How does technology help media buyers get more out of their programmatic campaigns? Tim Conley at Iponweb, looks at ways an AI-based system really can make better decisions than a living, breathing human being.
There has been a lot of discussion about machine learning and artificial intelligence in recent years, but what do these terms really mean? For programmatic media buyers, it could be their secret weapon.
With the advent of Real-Time Bidding (RTB), brands and agencies were able to go far beyond what was possible with traditional media buying.
RTB enabled an explosive expansion of digital scale. Why? Because the sheer volume of data processed through programmatic pipes dwarfed that of the traditional digital channels. There was so much supply available, and it was being sent with so much additional metadata, that no human on earth would have been able to parse it – let alone store it.
Faced with a never-ending firehouse of inventory, media buyers needed a way to make split-second, data-driven decisions reliably. Originally, it was a matter of simply discarding data and inventory with broad strokes to optimise campaigns. This meant that high quality inventory could inadvertently be culled because – from a human’s perspective – it was indistinguishable from the poorly performing inventory.
Over time, as machine learning models became more sophisticated, it became possible to be far more selective about the opportunities coming through the bidstream… and the floodgates opened.
This algorithmic approach to media buying meant that users could decide on the supply that best suited their goals, and what to bid for those opportunities, based on hugely expanded criteria, including first-party and campaign data, and bidstream signals.
Algorithms can leverage plenty more sources of information, but the central point is that there’s so much data being sent through programmatic pipes so quickly that no human could ever keep up.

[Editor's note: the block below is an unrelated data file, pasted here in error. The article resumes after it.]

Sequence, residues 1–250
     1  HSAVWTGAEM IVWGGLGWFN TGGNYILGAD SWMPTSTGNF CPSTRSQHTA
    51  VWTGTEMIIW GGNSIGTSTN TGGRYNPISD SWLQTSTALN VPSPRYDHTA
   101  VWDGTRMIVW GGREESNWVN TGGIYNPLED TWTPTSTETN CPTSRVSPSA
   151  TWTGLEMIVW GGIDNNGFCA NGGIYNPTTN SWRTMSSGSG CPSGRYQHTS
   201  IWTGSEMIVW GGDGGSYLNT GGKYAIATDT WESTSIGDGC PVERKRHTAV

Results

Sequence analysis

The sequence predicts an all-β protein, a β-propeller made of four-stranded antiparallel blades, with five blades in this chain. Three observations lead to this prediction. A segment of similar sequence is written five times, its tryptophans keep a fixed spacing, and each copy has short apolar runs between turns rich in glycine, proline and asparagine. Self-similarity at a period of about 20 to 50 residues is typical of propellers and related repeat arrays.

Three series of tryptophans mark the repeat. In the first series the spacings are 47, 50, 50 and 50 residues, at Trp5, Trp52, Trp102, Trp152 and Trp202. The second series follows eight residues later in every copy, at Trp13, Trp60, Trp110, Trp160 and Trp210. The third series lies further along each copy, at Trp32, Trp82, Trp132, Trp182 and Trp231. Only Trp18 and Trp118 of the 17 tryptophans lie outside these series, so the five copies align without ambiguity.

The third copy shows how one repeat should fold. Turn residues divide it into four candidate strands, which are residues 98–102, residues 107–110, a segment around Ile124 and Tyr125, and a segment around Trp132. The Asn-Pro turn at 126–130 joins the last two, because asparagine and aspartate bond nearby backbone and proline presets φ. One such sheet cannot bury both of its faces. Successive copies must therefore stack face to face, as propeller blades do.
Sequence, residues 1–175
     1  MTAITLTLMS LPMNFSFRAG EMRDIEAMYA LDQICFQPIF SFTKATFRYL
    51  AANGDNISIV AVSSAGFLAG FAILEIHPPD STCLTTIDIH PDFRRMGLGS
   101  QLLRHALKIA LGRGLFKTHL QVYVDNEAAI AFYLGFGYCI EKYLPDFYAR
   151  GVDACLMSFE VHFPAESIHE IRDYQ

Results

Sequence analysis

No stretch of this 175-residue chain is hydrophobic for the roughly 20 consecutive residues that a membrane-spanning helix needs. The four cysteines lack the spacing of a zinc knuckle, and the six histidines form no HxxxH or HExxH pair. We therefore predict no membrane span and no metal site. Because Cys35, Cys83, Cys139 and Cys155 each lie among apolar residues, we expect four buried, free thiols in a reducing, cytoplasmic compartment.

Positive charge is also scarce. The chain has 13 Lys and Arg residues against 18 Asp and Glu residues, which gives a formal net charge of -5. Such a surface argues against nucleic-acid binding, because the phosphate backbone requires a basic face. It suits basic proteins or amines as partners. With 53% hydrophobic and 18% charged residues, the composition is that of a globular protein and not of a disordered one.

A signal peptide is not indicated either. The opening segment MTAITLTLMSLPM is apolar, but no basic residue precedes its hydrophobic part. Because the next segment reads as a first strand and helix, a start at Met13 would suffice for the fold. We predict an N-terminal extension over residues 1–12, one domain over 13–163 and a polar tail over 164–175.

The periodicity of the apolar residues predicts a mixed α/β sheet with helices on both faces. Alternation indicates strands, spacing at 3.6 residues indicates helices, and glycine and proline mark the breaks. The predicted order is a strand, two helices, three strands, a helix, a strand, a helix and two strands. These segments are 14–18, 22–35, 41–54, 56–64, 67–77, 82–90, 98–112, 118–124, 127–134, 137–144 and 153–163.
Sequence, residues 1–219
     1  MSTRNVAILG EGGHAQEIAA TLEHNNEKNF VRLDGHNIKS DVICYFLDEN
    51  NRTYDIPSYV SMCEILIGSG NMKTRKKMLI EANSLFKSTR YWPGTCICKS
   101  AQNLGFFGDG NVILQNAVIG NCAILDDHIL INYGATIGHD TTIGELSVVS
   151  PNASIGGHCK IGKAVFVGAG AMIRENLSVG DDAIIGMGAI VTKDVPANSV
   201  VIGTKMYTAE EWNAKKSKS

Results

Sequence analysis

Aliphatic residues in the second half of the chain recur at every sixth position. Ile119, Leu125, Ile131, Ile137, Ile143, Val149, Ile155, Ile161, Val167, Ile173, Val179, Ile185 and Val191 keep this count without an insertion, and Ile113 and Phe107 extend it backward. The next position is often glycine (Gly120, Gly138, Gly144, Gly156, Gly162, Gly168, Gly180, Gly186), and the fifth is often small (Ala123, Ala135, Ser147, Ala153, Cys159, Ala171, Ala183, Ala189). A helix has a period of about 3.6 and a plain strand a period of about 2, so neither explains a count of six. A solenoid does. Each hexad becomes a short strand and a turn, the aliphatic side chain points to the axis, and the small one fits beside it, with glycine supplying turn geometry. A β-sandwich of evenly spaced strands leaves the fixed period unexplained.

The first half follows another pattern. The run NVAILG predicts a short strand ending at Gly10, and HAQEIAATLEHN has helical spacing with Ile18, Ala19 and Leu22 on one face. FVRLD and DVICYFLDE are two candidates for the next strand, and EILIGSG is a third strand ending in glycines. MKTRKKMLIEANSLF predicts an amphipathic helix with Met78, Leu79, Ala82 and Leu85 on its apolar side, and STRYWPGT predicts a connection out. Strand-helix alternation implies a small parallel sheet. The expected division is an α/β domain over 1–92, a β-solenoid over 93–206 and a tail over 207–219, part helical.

It’s here that machine learning really comes into its own.
Human-powered programmatic optimisation
While machines might have the edge, particularly in terms of speed, humans still bring a lot of value to media buying:
• We are able to process and take action on client briefs, meaning the actual planning of a campaign can only be done by a human. In addition, the ability to plan media buys based on intuition, human context, and experience will always be critical to a well-executed campaign.
• We can leverage more fine-grain tools based on external factors, such as inclusion / exclusion lists and manual bid multipliers to enhance the strategies and priorities defined in the media plan.
• Beyond the nuts and bolts, we can bring our creativity into the mix with creative design, copy, and the big ideas that power large-scale campaigns – something machines are quite some way from achieving.
So, what about the drawbacks of being human when buying media?
To better illustrate them, let’s use a practical example based on a media buyer’s everyday life: managing line items.